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North Korea claims new missile can hold large nuclear warhead

16 May 2017

A jubilant leader Kim Jong Un promised more nuclear and missile tests and warned that North Korean weapons could strike the US mainland and Pacific holdings.

South Korea's Joint Chiefs of Staff confirmed the early morning launch but had few other details, including what type of ballistic missile was sacked.

The test is also an immediate challenge to South Korea's new leader, Moon Jae-in, a liberal elected last week who expressed a desire to reach out to North Korea.

The Hwasong-12 may represent a new stage in the development of North Korea's missile program because it might have been powered by an engine completely designed and constructed in North Korea, according to Jeffrey Lewis, director of the East Asia Nonproliferation Program at the Middlebury Institute of International Studies at Monterey, California.

The report on the missile's flight was largely consistent with South Korean and Japanese assessments on Sunday that it flew 700 km (435 miles) and reached an altitude of more than 2,000 km (1,243 miles), which is further and higher than an intermediate-range missile tested in February from the same region, northwest of Pyongyang.

A North Korean missile would need to travel more than 8,000 kilometers (4,970 miles) to reach the U.S. West Coast.

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China is increasingly finding itself in a position to consider imposing an oil embargo, a last-resort measure to deter North Korea from its nuclear weapons ambitions, after the U.S. House of Representatives voted to toughen sanctions against the North Korean regime, according to experts quoted by South Korea's Yonhap News Agency.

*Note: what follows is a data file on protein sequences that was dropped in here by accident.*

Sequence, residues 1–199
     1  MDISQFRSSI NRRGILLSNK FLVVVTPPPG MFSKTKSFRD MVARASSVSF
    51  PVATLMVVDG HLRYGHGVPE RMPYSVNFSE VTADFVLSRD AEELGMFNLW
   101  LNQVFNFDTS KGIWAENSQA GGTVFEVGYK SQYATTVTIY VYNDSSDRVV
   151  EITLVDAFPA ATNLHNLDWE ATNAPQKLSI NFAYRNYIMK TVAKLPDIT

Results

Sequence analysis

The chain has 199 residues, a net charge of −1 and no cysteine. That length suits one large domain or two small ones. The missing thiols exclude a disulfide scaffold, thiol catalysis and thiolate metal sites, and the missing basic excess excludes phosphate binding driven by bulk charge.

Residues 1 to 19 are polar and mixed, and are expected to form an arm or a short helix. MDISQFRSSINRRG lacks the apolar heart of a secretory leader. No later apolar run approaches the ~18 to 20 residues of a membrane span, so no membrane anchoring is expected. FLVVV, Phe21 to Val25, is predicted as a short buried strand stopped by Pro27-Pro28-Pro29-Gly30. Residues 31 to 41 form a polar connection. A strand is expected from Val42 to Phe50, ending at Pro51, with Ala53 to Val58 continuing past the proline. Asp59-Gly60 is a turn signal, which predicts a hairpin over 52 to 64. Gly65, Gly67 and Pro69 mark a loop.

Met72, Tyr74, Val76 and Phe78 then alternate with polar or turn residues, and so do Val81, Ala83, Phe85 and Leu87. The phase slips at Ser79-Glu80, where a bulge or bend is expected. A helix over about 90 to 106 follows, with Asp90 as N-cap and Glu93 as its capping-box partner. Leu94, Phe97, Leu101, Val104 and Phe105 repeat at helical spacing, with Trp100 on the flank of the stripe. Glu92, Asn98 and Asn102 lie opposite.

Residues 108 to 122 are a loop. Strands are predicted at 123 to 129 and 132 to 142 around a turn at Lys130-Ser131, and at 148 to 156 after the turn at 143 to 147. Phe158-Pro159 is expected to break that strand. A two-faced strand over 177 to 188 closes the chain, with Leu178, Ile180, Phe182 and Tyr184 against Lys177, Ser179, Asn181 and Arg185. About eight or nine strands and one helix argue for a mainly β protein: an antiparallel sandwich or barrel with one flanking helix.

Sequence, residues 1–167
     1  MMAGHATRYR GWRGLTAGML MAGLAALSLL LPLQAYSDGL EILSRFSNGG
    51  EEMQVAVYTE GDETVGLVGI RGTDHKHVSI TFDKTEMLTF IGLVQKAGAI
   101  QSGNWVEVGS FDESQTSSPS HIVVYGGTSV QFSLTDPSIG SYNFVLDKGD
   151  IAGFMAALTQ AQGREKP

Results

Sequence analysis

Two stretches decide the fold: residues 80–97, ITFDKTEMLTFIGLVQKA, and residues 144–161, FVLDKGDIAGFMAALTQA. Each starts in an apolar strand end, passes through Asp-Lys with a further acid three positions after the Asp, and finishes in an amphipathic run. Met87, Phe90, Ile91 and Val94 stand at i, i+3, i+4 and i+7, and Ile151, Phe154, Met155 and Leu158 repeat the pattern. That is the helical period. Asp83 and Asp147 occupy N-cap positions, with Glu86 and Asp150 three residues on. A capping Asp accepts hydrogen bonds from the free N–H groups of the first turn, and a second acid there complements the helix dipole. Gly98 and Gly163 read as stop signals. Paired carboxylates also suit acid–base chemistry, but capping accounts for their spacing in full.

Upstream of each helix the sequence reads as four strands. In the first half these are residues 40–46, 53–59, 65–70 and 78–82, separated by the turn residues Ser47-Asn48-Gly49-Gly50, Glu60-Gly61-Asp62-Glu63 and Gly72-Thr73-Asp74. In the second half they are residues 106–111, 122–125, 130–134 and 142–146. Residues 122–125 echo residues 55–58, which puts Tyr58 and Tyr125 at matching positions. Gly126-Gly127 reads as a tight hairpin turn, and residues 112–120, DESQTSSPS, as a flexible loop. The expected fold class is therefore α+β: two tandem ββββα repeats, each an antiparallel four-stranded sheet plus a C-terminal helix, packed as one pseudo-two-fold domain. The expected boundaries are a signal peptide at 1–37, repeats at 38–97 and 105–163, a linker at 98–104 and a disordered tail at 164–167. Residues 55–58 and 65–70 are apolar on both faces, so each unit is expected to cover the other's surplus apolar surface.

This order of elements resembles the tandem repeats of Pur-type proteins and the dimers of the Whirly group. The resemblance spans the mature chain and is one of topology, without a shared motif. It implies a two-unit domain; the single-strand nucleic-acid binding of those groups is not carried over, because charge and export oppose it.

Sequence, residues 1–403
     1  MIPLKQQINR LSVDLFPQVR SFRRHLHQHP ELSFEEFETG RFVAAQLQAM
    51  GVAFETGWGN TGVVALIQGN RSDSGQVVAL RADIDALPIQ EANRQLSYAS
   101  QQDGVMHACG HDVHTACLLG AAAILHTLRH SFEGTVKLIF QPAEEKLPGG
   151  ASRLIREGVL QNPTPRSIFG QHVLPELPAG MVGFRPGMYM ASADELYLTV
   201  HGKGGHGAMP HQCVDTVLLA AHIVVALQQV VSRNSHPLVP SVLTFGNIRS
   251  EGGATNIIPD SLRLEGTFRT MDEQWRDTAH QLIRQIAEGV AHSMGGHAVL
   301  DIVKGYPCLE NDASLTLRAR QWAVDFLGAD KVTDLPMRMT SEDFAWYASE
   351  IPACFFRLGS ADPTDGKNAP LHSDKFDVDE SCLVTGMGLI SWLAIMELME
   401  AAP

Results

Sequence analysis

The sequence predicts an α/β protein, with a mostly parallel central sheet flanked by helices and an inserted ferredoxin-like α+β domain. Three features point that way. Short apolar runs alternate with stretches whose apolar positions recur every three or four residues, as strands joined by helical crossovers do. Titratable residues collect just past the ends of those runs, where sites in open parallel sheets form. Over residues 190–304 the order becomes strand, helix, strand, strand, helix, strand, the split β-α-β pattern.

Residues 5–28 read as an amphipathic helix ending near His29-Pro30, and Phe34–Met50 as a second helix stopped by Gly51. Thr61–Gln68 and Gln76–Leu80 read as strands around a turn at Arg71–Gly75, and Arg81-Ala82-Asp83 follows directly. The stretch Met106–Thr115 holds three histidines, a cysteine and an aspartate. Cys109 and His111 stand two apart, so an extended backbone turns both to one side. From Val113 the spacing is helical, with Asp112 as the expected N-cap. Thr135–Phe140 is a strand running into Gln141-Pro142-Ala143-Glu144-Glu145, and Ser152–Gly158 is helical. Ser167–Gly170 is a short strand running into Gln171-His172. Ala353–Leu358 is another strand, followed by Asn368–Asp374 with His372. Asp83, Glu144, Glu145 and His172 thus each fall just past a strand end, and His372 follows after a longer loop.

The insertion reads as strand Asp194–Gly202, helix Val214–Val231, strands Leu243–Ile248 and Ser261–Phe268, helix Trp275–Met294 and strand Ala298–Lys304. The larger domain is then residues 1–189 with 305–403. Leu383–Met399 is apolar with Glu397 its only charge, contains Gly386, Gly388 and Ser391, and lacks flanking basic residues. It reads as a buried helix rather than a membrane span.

The North Korean statement said the plan had "been put into the extremely serious phase of implementation".

South Korea's unification ministry warned that North Korea should not miscalculate the situation.

The United States called for tougher sanctions against the North, with the White House saying it "has been a flagrant menace for far too long".

Italian Premier Paolo Gentiloni said the G-7 summit his country is hosting later this month would discuss how to deal with the risk North Korea's missile launchings pose to global security.

Last month, Russian Federation and China backed a United Nations Security Council resolution condemning a previous missile launch, demanding that it "immediately" cease further actions that violate resolutions.

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The launch defies United Nations sanctions and provides an early challenge for South Korea's new leader, Moon Jae-in, who has vowed to engage with the regime to bring peace to the peninsula.

Prime Minister Shinzo Abe told reporters Sunday that the launch is "absolutely unacceptable" and that Japan will respond resolutely.

The nose cone resembles that of the KN-08 ICBM the North is believed to be developing, and the lofted trajectory tests re-entry by putting the missile through extra stress, said Joshua Pollack of the US-based Non-proliferation Review. But she said more analysis was needed. It said U.S. President Donald Trump's "maximum pressure and engagement" policy is only aimed at "stifling us" and will compel the North to "strengthen our nuclear deterrent at the maximum speed".

The US ambassador to the UN, Nikki Haley, said on Sunday that until Mr Kim meets the US conditions, "we're not sitting down with him".

North Korea has defied calls to curb its missile and nuclear weapons programs, testing its relationship with its lone major ally, China, which has always called for talks to resolve the issue, and prompting South Korea's new president, Moon Jae-in, to "strongly condemn" Sunday's action.

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